The California Dream & Its Rebounding

I love California. I lived there only for a little over a year, and I reminisce over the great times I had in my relatively short stay. I lived in the San Francisco bay area, and life was great. Born and raised in often-bleak and cold New York City, and back again now, I was amazed at the friendliness and neighborliness that I was embraced with. First moving there, I had my defenses up socially against many retrospectively amiable encounters. I made friends in every location I went, from the coffee house to the bar. Actually, one of my best friends I met at a local bar, and we have been like brothers ever since. That’ll be another blog in itself.

Back to California. Unfortunately, the Golden State is in a sharp decline, as you probably well know. Cali is the world’s 8th largest economy, but that number may drop in mere months to come. Currently, California has a 12.2% unemployment rate, far above the national rate of 9.8%. Analysts predict that next year California’s jobless rate will continue to rise, even as the rest of the nation starts improving. Job growth, or lack of it, seems to be the most significant factor in this analysis. Employers are trying to get by their own economic struggles by utilizing as few workers as possible. The often romanticized dream of heading west to sunny, beautiful California to escape life’s woes seem to be reversed.

Poverty rates in Los Angeles have reached 20%, and even the seemingly secure government jobs have been cut by 60,000 employees. Schools in California have become so ill-budgeted that they are ranked 47th out of the 50 states. They have cut their “Healthy Families” program, which aided over a million of the poorest residents. stated, ‘Neighbouring Nevada has launched a mocking campaign to entice businesses away, portraying Californian politicians as monkeys, and with a tag-line jingle that runs: “Kiss your assets goodbye!” You know you have a problem when Nevada – famed for nothing more than Las Vegas, casinos and desert – is laughing at you.’ and ‘The crisis is so deep that Professor Kevin Starr, who has written an acclaimed history of the state, recently declared: “California is on the verge of becoming the first failed state in America.”‘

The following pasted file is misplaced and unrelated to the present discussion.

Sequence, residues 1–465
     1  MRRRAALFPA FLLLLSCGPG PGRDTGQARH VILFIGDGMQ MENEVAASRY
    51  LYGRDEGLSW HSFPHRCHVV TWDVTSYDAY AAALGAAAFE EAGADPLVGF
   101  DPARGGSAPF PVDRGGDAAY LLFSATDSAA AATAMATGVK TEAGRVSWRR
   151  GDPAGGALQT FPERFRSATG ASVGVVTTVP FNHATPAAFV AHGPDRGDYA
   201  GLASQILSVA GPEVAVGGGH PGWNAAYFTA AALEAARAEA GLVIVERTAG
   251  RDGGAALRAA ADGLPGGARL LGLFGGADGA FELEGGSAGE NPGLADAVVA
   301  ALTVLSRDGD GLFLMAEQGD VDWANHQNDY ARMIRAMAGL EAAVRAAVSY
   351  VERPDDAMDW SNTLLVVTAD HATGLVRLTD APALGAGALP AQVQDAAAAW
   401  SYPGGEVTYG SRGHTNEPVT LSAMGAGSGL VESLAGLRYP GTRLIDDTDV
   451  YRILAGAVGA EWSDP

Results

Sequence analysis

However, even when all hope seems to have been lost for this state, optimists can see some evidence of the light at the end of the tunnel. California is always at the forefront of ecological issues, as well as health matters, despite its current state. Politics may be improving as the state that boasts Hollywood will get some “star treatment” when great minds from the world over take on Cali’s issues head-first. Californians set standards of living for the rest of us with their wholesome diet and global environmental concerns. When Cali finally comes out of this mess, it might be a better place than before this recession. California will not fail, I believe, because Californians will not allow it and failing is not a part of the California and American Dream.

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